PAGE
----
“The precise doses that are given to patients make it possible to analyze other data in a better way, because […] there may not be a lot of product variability,” Dr. Siddiqi said.

Patients in the core cohort with a higher tumor burden, measured by the sum of the products of diameters (SPD), at baseline, were more likely to develop CRS during the study (p < 0.001). The same was true for lactate dehydrogenase (LDH), as patients with higher levels at baseline were more likely to develop the complication (p < 0.001).

Similarly, patients with higher SPD at baseline were more likely to develop neurotoxicity over the course of the trial (p = 0.006), and higher baseline LDH levels were also more likely to develop this complication (p = 0.018).

Dr. Tanya Siddiqi presents Abstract 122 during Oral Abstract Session B.
When divided into low and high LDH levels and low and high SPD, the correlation with toxicities was clear. Patients with LDH of at least 500 U/L had approximately an 8-fold increased risk of developing CRS and only a slightly lower risk of developing neurotoxicity. For SPD of at least 50 cm2, the odds ratios were similar. Patients with an LDH less than 500 U/L and an SPD less than 50 cm2 had far lower rates of CRS and neurotoxicity, with odds ratios below 0.25.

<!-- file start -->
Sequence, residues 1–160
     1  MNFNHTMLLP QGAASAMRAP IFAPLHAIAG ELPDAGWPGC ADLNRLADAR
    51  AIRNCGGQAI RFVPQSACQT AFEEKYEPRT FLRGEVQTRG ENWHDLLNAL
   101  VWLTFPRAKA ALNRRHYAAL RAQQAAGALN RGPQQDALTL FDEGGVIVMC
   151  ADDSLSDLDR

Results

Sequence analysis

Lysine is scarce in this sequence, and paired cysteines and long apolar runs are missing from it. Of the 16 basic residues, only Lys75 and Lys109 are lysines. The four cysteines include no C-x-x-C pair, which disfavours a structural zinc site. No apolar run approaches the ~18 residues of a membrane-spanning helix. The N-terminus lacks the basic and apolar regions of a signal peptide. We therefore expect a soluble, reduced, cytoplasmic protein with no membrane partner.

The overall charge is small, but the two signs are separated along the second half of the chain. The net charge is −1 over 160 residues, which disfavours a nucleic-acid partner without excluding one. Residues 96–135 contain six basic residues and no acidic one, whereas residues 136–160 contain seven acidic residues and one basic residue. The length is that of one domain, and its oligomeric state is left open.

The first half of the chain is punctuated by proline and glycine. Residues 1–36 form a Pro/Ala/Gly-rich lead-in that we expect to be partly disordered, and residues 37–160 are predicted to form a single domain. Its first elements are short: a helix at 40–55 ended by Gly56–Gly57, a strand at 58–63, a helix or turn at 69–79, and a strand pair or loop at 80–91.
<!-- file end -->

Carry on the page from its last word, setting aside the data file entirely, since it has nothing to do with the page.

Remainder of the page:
Higher JCAR017 CAR T-cell expansion is associated with dose level, with higher Cmax of both CD4+ and CD8+ cells at the DL2 dose (p < 0.05).

The median Cmax for CD4+ was 7.0 in the DL1S group and 14.9 in the DL2S group. The median area under the curve (AUC0–28) was also higher in the DL2S group. Similarly, the median Cmax for CD8+ was 62.8 with DL2S and 26.1 for DL1S, and the median AUC0–28 was also higher with DL2S.

Higher baseline tumor burden also appeared to be correlated with higher JCAR017 CAR T-cell expansion, with a correlation coefficient of 0.22 (p = 0.010). The same was true for higher levels of baseline inflammatory cytokine levels, with a significant correlation between cell expansion and interleukin (IL)-15, macrophage inflammatory protein-1α, and tumor necrosis factor (TNF)-α (p < 0.05; correlation was not significant for IL-7).